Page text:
Late last year, developer Fanhood launched Fanhood Sports on Facebook, providing users with a casual sports betting social casino game. We sat down to talk with Fanhood Founder and CEO Brandon Ramsey to talk about what Fanhood Sports does differently from other social casino games, as well as his thoughts on where social casino games are headed.
Ramsey comes to the game industry from the monetization side of the web. He used to work at Yahoo!, leveraging their various commerce sites like Yahoo! Shopping and Yahoo! Deals. In 2009, he co-founded the auction site BigDeal.com, which he then sold off and decided to get directly into games. For Ramsey, it’s the perfect time to do so, as he believes, “social casino games are going to outgrow the rest of social games in about a year.
“I thought there was a massive opportunity with social casino games. On top of that, Facebook is kind of also identifying sports as a big opportunity.”
Even though sports betting isn’t terribly prevalent in the social casino game space right now (instead, slots and poker games are dominant), Ramsey tells us it’s only a matter of time before the genre becomes its own force to be reckoned with simply because there are so many sports fans around the world. This is especially true in the international community, where sports like soccer and cricket (which aren’t as popular here in the United States) have 3 billion and 2 billion fans respectively around the globe.
For Ramsey, though, the most important thing was creating a sports betting title that had the potential to be incredibly deep but was also a snackable game experience for sports fans. As a result, the betting isn’t just limited to which teams will win. Players can also bet on trivia-like predictions like which player will score more points in a game, or who will throw the most yards in the National Football League next week, and there are also minigames like one that has players create Bingo-like matches on a score card based on their predictions.
“Our core tenant is that people don’t have a lot of time,” he says. “I love fantasy [sports leagues], I play them myself. But people don’t have time to go out and have that big commitment: Find all their friends, shoot them an email, and get them all together for the draft. And if you miss a week, you’re effectively out. With this light touch, you can play forever and come and go as you please.”
Aside from creating a lighter sports-betting experience for social gamers, Fanhood Sports features some impressive personalization features. Even though our Facebook account doesn’t mention or Like any sports teams or athletes (unless you count World Juggling Federation champion Doug Sayers), the suggestions for our favorite sports teams when we first signed up for the game were surprisingly accurate based on our location and college affiliation. It looked like a few teams suggested came from popular choices among our friends, too.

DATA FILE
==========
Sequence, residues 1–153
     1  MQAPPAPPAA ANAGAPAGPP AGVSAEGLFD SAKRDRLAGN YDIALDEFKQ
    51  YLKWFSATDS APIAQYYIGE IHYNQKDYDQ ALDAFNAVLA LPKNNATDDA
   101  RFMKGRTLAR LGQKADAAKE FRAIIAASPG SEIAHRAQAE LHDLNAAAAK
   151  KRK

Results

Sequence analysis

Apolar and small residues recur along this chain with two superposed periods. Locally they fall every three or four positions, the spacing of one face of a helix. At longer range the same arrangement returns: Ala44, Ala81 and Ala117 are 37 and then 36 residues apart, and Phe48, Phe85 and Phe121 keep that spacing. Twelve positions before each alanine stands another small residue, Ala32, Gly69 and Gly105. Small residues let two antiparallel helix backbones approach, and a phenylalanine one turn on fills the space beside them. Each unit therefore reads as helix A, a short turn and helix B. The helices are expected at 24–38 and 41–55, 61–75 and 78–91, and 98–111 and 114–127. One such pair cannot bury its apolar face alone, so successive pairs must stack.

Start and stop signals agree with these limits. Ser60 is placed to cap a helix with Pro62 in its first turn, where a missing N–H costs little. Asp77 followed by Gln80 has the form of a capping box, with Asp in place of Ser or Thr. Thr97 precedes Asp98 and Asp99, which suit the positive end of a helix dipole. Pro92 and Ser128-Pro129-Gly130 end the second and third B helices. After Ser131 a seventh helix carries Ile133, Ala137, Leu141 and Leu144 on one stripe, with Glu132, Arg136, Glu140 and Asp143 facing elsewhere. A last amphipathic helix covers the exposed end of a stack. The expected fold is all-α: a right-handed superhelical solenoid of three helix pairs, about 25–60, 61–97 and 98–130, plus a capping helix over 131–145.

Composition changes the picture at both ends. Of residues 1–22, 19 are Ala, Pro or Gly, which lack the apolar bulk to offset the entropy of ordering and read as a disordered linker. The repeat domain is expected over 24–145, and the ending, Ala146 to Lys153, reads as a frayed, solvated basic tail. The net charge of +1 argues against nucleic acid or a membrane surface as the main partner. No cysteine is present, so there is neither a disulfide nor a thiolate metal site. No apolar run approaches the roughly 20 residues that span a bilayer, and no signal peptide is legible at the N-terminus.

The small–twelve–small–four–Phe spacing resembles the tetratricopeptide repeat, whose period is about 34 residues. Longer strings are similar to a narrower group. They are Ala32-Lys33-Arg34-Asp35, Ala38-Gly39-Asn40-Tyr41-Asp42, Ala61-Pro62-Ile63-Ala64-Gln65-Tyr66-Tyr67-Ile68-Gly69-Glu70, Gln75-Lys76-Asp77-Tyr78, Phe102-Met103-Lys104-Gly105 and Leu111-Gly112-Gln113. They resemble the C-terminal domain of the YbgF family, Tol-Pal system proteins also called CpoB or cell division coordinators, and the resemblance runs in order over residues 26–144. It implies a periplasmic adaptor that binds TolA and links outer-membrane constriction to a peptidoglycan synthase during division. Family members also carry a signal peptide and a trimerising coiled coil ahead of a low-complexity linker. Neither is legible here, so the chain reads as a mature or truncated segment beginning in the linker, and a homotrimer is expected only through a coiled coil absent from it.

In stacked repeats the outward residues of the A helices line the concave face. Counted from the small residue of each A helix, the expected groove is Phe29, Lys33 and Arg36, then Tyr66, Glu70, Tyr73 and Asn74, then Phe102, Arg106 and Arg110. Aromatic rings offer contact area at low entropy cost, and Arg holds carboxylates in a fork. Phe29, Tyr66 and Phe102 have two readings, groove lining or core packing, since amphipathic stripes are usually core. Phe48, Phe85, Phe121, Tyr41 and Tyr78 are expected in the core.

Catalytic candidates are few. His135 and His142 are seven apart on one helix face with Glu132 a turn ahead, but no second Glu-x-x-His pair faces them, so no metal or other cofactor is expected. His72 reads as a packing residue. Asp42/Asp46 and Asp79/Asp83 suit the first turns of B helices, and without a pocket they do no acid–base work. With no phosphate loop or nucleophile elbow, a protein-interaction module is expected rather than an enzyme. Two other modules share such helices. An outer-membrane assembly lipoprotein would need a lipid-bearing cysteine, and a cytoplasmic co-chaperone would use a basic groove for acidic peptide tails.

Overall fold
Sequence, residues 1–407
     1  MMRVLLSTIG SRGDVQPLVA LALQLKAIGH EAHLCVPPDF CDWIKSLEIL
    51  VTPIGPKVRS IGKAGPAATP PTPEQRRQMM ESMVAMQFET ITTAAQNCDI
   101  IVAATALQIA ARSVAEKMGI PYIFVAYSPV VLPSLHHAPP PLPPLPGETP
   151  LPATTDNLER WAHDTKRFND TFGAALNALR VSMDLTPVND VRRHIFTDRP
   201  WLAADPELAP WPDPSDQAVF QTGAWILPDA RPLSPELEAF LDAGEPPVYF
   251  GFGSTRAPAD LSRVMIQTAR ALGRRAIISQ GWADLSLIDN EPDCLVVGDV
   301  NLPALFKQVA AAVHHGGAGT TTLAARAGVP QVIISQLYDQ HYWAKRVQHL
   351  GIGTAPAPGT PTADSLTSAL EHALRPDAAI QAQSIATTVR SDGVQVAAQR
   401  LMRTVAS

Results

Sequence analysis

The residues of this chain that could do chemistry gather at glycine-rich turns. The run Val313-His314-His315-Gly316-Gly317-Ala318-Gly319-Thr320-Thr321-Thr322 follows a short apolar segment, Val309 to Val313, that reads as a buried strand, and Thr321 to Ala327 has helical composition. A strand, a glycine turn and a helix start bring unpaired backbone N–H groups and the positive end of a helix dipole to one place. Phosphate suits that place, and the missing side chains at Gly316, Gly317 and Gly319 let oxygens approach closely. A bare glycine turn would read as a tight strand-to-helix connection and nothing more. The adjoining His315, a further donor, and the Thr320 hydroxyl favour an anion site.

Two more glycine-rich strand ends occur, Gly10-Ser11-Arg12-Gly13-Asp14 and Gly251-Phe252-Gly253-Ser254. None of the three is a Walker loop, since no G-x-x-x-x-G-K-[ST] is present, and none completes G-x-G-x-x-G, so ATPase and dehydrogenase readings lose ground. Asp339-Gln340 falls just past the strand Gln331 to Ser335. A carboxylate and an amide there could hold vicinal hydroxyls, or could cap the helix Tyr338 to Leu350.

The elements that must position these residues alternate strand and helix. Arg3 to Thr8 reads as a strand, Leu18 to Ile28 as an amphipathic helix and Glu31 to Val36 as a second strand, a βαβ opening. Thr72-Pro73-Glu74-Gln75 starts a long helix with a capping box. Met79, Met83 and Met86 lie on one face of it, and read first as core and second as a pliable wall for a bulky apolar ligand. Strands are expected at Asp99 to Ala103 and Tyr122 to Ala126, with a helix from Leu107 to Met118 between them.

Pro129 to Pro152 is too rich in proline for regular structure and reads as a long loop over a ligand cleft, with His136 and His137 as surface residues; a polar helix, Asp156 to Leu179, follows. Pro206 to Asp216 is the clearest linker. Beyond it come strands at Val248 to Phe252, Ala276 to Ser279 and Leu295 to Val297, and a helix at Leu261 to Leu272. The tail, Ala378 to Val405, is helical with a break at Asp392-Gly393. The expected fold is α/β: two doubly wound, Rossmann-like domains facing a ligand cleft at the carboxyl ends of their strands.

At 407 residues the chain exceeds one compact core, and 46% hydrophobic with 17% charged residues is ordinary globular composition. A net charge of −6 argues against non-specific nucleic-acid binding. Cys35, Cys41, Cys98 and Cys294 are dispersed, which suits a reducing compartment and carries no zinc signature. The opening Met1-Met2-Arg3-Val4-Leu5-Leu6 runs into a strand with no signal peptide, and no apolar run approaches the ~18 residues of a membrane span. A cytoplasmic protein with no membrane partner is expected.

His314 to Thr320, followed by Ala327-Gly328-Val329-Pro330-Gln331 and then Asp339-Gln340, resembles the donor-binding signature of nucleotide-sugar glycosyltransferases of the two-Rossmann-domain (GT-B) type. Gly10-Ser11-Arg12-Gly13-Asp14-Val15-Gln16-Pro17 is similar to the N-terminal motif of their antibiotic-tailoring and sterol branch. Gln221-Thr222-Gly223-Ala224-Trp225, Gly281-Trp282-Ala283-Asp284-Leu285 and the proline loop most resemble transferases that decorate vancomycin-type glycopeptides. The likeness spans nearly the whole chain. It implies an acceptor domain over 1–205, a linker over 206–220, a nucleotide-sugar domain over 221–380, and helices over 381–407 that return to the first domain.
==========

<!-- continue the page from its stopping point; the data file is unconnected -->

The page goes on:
“We know who your friends are that you should talk to,” Ramsey explains. “You come in and you’re a 49ers fan; we know that before you get in. But when you make a bet [on them], we show you who your other friends are that are also 49ers fans. But let’s say they’re playing the Green Bay Packers: We also know who your friends are that are fans of the Green Bay Packers and tell you that you should bet with them on that game since these guys are rivals.”
Ramsey also notes sports betting provides a major advantage for developers: They can focus exclusively on the mechanics without having to worry about crafting a game’s content and/or storyline.
“The big problem with other social games is you have to come up with a new title every year,” he notes. The social casino games are seeing evergreen growth. With sports, you don’t have to come up with new content; the leagues take care of that for us. We don’t have to come up with CityVille 2 to keep us interested. You’re always going to have an affinity for the game, we just come up with fun things for you to do with your friends around the events.”
So if sports betting has so much mass appeal and there isn’t much competition in the genre, why haven’t more of these games been developed by now? The highest-profile of these games is RocketPlay’s Sports Casino, which is being published by Zynga, but even its numbers haven’t taken off yet. In Ramsey’s opinion, it’s all about timing: “People saw it taking off in a way that the social casino space was using real world outcomes … the one thing people are seeing now with the new platforms is that it’s right for now.”
That said, Ramsey also notes this dearth of sports betting titles won’t last much longer, noting how real money gambling groups are either partnering with or acquiring successful developers to get in on the social gaming market (a recent example being bwin.party partnering with Nordeus).”I think if you look at the people who are spending the money … and the amount of money they’re paying to get the audience, it leads you to believe there’s change on the horizon.”
At the moment, Fanhood Sports’ numbers have been growing quietly and organically; AppData shows the game is up to 9,000 daily active users. However, we’re told the game’s about to start a big marketing push on Facebook in order to take advantage of the sports fervor surrounding both the Super Bowl on Feb. 3 and college basketball’s March Madness.